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When Ed Sutton first came to Cherokee in November to break ground on a new trail system, his directive was clear.

“We told him his marching orders were just make it great. Make it awesome,” said Jeremy Hyatt, natural resources and construction director for the Eastern Band of Cherokee Indians.

The snip of a ribbon declared the destination that mountain bikers are hailing as “amazing” and “world-class” to be open for business last week, when Cherokee officially opened its new 10.5-mile Fire Mountain Trail System. 

“There’s been a lot of hard work and dedication to make this a reality, to make this trail system a reality — and the reality we’ve created is a premier trail system for the region,” said Jeremy Hyatt, secretary of administration for the Eastern Band of Cherokee Indians. 

A fleet of new mountain bikes has come home to roost at Swain County High School, thanks to a donation from Bryson City Bicycles.

In December 2016, the bike shop landed an award from Synchrony Financial that granted it $10,000 to grow the business and another $10,000 earmarked for a community project of its choosing. Bryson City Bicycles was one of only five small businesses nationwide to land one of the Working Forward Small Business Awards, and co-owner Diane Cutler had no doubts about where in the community she wanted to invest that $10,000.

When Ed Sutton first came to Cherokee in November to break ground on a new trail system, his directive was clear. 

“We told him his marching orders were just make it great. Make it awesome,” said Jeremy Hyatt, Secretary of Administration for the Eastern Band of Cherokee Indians.

For those who love the outdoors, it’s not hard to list the reasons why Western North Carolina is a spectacular place to live, and from that standpoint, the year 2016 certainly didn’t fail to deliver. The curtains are now closing on 2016, but the year will get its proper send-off with this roundup of favorite moments and memorable stories from the past 12 months outdoors.

A meeting seeking feedback on an emerging plan to turn Sylva’s Pinnacle Park into a mountain biking destination drew about 70 people to the Mad Batter Food and Film last week, and after a night of fielding questions and taking comments, the folks behind the effort are feeling positive about its future. 

For the past decade, Sylva’s Pinnacle Park has had Sae Smyrl envisioning a lofty future for the hiking area. A mountain biker for the past 40 years, Smyrl would walk the trail and think how great it would be to ride his bike through the 1,100-acre forest. Bikes are allowed on the existing trail, but it’s way too steep for the sport to be fun.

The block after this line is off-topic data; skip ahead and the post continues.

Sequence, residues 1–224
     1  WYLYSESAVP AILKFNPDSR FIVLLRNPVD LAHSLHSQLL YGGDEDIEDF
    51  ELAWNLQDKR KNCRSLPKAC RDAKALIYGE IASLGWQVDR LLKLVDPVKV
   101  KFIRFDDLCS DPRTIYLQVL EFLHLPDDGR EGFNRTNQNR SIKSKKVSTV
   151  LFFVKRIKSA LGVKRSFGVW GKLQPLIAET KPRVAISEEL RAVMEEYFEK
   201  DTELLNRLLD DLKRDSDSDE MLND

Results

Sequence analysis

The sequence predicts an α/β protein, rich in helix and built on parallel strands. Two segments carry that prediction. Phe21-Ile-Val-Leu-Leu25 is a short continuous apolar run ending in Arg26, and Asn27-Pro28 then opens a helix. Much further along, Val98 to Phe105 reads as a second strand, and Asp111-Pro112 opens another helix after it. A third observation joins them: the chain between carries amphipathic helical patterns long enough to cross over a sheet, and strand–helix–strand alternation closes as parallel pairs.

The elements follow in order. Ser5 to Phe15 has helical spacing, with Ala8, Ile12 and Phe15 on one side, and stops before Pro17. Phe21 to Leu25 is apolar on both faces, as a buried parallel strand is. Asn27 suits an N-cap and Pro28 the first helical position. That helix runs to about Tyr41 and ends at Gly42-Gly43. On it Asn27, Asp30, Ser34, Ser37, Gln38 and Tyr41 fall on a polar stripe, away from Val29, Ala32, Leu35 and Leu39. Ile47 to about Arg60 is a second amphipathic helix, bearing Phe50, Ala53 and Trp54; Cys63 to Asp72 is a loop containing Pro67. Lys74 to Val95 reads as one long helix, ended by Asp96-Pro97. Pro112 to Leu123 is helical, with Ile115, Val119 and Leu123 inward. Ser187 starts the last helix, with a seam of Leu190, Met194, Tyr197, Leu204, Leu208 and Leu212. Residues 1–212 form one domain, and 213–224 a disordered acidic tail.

A plan is now afoot to make Smyrl’s dream a reality, with the Nantahala Area Southern Off Road Bicycling Association pursuing a goal to bring some 30 miles of biking trail, featuring loops of various difficulty levels, to the Fisher Creek watershed. 

out frBy Jamie Arnold • Contributing writer

It’s a 95-degree Sunday afternoon. Most folks are at the lake, or lounging on the couch with a cold beer. Me? I’m on my mountain bike, grinding my way up a 5,000-foot mountain, all because my buddy Don decided to add the Off Road Assault on Mount Mitchell to his bucket list.  

Following the vein of cheap tattoos, lost wallets and accidental scars, a beer-induced challenge ended with both of us registered to compete in the infamous July 31 event. Now, two months later, we’re winding our way up a dusty brown gravel wall. A loud truck rumbles past, throwing even more gritty dust into the stifling 90-degree air. I glance down at my wheels to see the slow, never-ending gravel treadmill as I pick my way up the mountain.  

out fakeit“So, are you here as a reporter or as a biker?” asked one of the 100-plus shorts-wearing, bike-bearing people converged on Tsali Trailhead last Friday.

out frThe parking lot at Tsali Recreation Area was full of bikes Friday evening — more than 100 of them, strapped to the backs of sedans and SUVs, tied into beds of pickup trucks, license plates running the gamut from Florida to Virginia to Mississippi. Gears were spun, wheelies popped, hoorahs yelled as mountain bikes shot down the trail or gathered in a shiny metal line to await the start of the group ride.

SEE ALSO: Fake it till you make it

“I’m kinda excited,” said Rob Burgess, prepping his bike in the parking lot. “Tsali is one of the epic trails.”

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